Having never gardened before I moved to the Otways, and now having gardened for two years, I have been reflecting on what digging in the patch has taught me.
That mothers are right.
Beginners luck, she said I would have. So when my tomatoes grew big, red and juicy and hers floundered, we would laugh and she would tell me to shut up.
Of course secretly, or not so secretly, mum was proud of my success.
Results can’t be measured by volume.
Two spring seasons in a row I sprinkled California and Iceland poppy seeds. Not one flower in sight, until finally one lone poppy emerged, and disappeared almost as quickly. Its short stay provided enough bliss to make all previous efforts worthwhile.
When my husband’s two zucchinis never made it to anywhere near the potential marrow proportions he’d warned me about we smiled at our optimism at planting them too late, and enjoyed whatever they had become, or not.
When “frosts” hit the soul, wait. Something is still growing inside.
Events in life can occur and frost all self-expression. The year 2013 started off with a January that included some major personal challenges for me. For a number of weeks over summer I was unable to stay still in the garden, or still anywhere in myself. Anything that would have helped connect deeply with self, such as music, yoga and the newly found passion for gardening, was hard to do. Yet while I was regrouping inside, rocket plants went on with their cycle, dropping uncollected seeds all over the patch. Autumn then included masses of extra rocket in clumps that grew from the seeds that had jumped, or flown, rows.
It’s best not to be a “know-all” – humility is a form of serving.
When I was first sent to a veggie garden during my yoga training at the ashram, I would be quite nervous and ask before I pulled anything out of the ground. A number of years on, and I struck on a lovely tarragon “weed.” When my supervisor saw that I had pulled out such a delightful herb, he was so surprised and concerned for its survival that he immediately busied himself placing it back into the soil as if it has never happened, and didn’t mention my folly. Ahhh, finally a doozie of a mistake in the ashram garden. And not the last.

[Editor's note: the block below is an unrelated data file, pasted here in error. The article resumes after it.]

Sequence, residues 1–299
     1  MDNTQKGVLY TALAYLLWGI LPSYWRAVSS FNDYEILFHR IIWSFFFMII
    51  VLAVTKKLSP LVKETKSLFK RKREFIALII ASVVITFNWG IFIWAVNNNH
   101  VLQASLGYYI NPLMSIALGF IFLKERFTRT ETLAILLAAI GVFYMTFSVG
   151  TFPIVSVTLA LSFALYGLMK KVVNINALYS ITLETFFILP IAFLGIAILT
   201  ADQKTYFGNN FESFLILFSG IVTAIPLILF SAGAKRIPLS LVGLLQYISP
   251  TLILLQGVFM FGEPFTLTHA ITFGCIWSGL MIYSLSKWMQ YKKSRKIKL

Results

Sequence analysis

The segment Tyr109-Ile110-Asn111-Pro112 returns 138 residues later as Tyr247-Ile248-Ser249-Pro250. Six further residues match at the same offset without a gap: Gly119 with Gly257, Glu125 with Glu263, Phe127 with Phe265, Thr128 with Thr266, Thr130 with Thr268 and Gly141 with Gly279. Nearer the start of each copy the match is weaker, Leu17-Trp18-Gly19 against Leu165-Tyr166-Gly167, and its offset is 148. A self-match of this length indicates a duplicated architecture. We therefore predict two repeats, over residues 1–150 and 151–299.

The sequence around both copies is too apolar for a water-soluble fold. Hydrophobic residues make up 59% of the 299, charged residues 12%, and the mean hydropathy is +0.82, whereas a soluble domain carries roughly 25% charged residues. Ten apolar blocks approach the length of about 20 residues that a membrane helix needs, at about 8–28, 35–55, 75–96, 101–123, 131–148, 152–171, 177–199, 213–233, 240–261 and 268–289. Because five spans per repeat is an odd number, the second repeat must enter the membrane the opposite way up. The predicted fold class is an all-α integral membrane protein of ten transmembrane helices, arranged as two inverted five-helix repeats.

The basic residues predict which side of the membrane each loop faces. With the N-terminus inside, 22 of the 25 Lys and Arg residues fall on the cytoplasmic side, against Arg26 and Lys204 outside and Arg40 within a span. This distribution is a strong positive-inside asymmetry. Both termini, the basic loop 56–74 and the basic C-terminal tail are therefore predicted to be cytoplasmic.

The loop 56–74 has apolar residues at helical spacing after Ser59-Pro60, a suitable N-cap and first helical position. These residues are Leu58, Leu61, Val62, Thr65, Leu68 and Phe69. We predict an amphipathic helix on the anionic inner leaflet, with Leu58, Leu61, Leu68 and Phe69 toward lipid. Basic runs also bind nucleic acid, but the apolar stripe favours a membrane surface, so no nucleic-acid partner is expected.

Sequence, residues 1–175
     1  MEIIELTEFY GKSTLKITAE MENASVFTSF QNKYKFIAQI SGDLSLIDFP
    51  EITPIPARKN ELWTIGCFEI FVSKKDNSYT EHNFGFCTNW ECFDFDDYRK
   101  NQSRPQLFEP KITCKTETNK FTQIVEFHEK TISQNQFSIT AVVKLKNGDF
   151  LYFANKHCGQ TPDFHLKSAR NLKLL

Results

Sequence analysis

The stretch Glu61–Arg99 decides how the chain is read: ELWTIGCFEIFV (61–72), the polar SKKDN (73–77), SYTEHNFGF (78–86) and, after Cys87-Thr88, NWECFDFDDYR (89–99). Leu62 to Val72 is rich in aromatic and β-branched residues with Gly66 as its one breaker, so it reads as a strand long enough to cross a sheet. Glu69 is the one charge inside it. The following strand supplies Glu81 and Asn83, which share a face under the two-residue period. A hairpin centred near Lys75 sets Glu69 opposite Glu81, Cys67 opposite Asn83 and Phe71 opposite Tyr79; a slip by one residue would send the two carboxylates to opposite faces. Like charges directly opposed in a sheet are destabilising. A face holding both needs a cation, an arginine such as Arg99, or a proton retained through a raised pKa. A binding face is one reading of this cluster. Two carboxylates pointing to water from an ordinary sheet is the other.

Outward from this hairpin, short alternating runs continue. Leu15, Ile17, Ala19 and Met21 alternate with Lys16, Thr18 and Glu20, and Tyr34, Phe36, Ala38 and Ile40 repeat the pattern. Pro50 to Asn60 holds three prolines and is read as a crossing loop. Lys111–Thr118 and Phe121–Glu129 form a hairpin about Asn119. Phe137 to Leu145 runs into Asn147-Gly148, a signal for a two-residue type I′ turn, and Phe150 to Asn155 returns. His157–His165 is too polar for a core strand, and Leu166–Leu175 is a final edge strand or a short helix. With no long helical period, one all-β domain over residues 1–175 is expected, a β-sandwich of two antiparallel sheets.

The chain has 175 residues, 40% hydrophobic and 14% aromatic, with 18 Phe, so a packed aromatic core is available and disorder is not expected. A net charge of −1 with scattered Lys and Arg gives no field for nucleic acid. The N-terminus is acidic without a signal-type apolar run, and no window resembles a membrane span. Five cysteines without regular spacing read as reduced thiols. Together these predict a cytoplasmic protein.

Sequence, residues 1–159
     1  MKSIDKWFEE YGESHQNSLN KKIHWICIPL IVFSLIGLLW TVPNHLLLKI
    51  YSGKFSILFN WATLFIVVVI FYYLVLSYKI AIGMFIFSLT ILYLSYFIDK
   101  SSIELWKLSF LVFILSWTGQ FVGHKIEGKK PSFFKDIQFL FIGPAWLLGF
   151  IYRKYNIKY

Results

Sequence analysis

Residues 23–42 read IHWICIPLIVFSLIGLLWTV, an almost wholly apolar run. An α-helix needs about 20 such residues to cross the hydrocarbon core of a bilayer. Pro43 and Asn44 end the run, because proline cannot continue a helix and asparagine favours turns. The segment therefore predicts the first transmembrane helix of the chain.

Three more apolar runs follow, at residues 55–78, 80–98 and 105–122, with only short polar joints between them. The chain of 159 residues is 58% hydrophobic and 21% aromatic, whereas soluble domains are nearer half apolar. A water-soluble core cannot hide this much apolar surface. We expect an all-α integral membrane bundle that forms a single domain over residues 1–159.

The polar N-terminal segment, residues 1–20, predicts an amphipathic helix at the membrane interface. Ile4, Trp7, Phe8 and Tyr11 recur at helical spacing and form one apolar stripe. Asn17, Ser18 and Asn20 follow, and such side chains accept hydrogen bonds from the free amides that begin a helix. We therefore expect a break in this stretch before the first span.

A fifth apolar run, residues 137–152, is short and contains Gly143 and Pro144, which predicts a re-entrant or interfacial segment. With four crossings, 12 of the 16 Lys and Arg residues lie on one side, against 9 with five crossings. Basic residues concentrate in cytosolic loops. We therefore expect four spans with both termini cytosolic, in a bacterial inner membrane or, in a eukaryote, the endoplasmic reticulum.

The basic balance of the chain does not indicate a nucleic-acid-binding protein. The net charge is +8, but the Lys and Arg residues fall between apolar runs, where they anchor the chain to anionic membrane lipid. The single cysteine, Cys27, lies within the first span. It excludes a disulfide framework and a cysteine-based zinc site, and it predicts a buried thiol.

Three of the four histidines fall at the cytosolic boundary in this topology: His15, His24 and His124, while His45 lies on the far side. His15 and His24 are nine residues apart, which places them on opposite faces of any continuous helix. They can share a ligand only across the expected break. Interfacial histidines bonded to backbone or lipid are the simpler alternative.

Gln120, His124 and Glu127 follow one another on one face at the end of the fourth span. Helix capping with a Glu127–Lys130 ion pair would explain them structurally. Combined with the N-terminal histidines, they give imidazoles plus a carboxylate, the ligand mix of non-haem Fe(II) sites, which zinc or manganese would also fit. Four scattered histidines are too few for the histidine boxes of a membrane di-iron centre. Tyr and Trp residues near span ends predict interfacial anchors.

Ground one’s self in what works best.
It is fine to learn from mistakes, have wonderful accidents, and try and try again for that one lone poppy. Each of these bring their own lessons, but for developing real confidence and bringing food to the table, know what works. Know your strengths and limitations by grounding practices in knowledge. This of course is true of any endeavour. In the garden, know your soil. Leafy greens have been a delight to grow, but each time I have planted carrots in the same compost-rich soil they have formed into longish keratin fingernails. Don’t plant things in the same place each season, especially if they didn’t have much success the first time around. Knowing what works for us frees up energy and space. A successful garden is well-observed and well-planned.
Embrace abundance. Remain curious.
There are many varieties of greens out there. This autumn plate (see picture) includes cress, mustard mizuna, and radish leaves collected at the end of our summer garden. Leafy greens have been the easiest to grow, both from pots and patch, and there are so many greens to choose from. I had early success with beetroots, which has informed my interest in different varieties. Try seedlings, seeds and seed collecting. Read widely on a range of techniques. Embrace the opportunity for life-long learning. Ask others what works for them.
A ninety-four year old gardening legend and friend, who when he hit ninety taught himself about computers, advises me “Google Peter Cundall.” These days there is such an abundance of information on the net and a wide range of gardening groups all over the country.
If it doesn’t smell right, fix it.
Yes, the guts of the compost. The head can’t always figure out or remember measurements, but if it doesn’t smell right or look like it is on the move, do something. A pile might need a bit of water, or more shredded newspaper carbon in the form of car and real estate sections. Following what is brewing through observation and gut instinct can allow us to adjust and repair before we are left with a stinking mess. Following one’s intuition, as nature expertly does, can help guide us and can certainly assist in halting further problems.
Finding our uniqueness.
We often identify parts of ourselves through our job roles and relationships. But perhaps reflecting on what we resonate with in nature can reveal even more. Ask yourselves, which plants are you attracted to and why? Think about form, colour, longevity, brilliance, statement, understatement, to name a few qualities. While I am often inspired by a changing range of flowers, for me it is the iris that I most relate to. Observe your own reactions to the environment around you.
Access nature to access the self.
Suzanne Frydman ©